As you may all remember, Henry spent five long days on a ventilator and three (+) weeks recovering from RSV and pneumonia in April/May. RSV (Respiratory Syncytial Virus) is the most common cause of lower respiratory tract infections in children worldwide. Although most babies and children get only a cold from RSV, it’s the leading cause of pneumonia and bronchiolitis in infants under age one. It is so common that virtually all children contract it by the age of two. Premature infants are at an increased risk of developing a serious RSV infection.

RSV is highly contagious and spreads easily from person to person. It may even be transmitted indirectly by contact with contaminated objects, such as bathroom fixtures or clothing. Individuals can be contagious one to two days before symptoms appear and can last as long as two weeks after symptoms disappear. Symptoms are similar to that of the common cold: runny nose, wheezing and coughing, low grade fever, irritability and restlessness.

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It probably isn't as necessary if your lockdown is air tight.

Our son's first year at home, we only had my parents over to our house, we didn't go out to crowded areas w/ or w/o our son (meaning no movies, no plays, no basketballs games b/c it isn't enough not to keep baby away from crowds, the caregivers have to stay away from crowds too!), and we only shopped (w/o baby of course) during off hours. My husband works from home which meant that he wasn't exposed to germs in the work place. I, however, was the problem making our situation not as air tight as we would have liked. I teach at a university. College students aren't known for their hygiene. I taught smaller courses that first semester (meaning on grad seminar and one "smaller" undergrad class of 30 people). Second semester, I had a large lecture of 110 students.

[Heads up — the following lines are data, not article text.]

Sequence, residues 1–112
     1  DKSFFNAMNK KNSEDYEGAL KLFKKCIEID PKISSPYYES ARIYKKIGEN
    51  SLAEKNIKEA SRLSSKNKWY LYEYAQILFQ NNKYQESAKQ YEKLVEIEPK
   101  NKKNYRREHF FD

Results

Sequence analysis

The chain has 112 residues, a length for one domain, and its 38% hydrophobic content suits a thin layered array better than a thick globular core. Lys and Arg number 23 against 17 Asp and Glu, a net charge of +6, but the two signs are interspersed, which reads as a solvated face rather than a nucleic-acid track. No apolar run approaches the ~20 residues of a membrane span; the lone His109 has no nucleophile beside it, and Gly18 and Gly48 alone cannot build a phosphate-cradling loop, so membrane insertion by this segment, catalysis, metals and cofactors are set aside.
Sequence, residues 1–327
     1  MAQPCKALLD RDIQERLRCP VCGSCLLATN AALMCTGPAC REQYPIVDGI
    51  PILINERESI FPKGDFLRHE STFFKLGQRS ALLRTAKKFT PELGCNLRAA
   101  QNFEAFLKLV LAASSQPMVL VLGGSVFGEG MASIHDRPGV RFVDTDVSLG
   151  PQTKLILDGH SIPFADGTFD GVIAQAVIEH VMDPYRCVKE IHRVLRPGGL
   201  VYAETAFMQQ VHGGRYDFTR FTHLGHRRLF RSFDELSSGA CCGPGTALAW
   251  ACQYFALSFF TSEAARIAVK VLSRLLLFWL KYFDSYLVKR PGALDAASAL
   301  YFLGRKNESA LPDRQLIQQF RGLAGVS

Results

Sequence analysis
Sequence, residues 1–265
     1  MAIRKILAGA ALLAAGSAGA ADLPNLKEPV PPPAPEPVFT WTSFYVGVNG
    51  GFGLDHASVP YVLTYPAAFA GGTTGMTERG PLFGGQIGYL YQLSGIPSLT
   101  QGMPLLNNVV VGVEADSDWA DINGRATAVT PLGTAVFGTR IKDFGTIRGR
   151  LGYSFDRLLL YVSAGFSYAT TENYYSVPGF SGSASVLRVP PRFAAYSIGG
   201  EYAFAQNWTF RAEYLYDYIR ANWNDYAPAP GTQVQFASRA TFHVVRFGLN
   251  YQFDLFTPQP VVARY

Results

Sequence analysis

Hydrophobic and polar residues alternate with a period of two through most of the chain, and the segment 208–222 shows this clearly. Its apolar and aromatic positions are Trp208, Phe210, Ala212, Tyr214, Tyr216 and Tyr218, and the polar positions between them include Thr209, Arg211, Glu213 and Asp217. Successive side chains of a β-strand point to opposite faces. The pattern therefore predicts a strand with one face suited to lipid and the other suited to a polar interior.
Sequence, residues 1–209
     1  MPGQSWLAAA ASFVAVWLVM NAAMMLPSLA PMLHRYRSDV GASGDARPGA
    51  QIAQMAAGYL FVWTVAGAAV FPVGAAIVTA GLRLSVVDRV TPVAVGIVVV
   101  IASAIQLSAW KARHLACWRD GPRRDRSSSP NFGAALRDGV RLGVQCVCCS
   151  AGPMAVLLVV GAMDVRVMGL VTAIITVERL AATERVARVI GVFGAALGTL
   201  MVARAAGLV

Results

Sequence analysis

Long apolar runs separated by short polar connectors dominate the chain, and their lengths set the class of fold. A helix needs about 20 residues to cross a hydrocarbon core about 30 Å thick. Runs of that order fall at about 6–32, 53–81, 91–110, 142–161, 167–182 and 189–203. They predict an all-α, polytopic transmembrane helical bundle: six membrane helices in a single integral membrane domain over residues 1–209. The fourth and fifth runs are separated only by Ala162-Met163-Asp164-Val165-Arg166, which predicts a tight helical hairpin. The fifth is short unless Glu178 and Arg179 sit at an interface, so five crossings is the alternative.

Consequently, we got our son the Synagsis shot. The side effects are miniscule based on the research. You can ask for the results of the trials from the doctor.

Given that 125,000 kids are hospitalized with RSV each year and 1-2% of them die from it, we wanted to make sure that our son was as safe as possible. Frankly, he had defied the odds so many times already, we preferred to play it conservatively.

Good luck with your decision!

P.S. I am by no means a "must get all shots" kind of person. I weigh each shot against the costs and benefits. Synagis was one of those shots that I felt compelled to get for our son b/c it seemed clear to mean that the benefits far outweighed the risks.

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My son got his first shot today! I have seen firsthand RSV take the lives of even the healthiest of kids that didn't have prematurity against them. I have seen it CAUSE chronic lung disease in children that had no previous lung issues. i know it is harsh but it is such a HORRIBLE disease and it kills me that not ALL infants can have access to synagis. My son did ok with the shot. I gave him a little tylenol before we went to the doctor and he is teething so he is fussy anyway so the tylenol is hopefully killing two birds with one stone. In the last month he has gotten his 6 mo immunizations, 2 flu shots and Synagis. In 3 weeks he will get H1N1 vaccine, then a week later 2nd synagis! OUCH! It sucks and i hate to see him cry but I know how awful the consequences could possibly be (I work in a very large pediatric ICU) if I don't. Good luck with your decision and I hope our stories help!!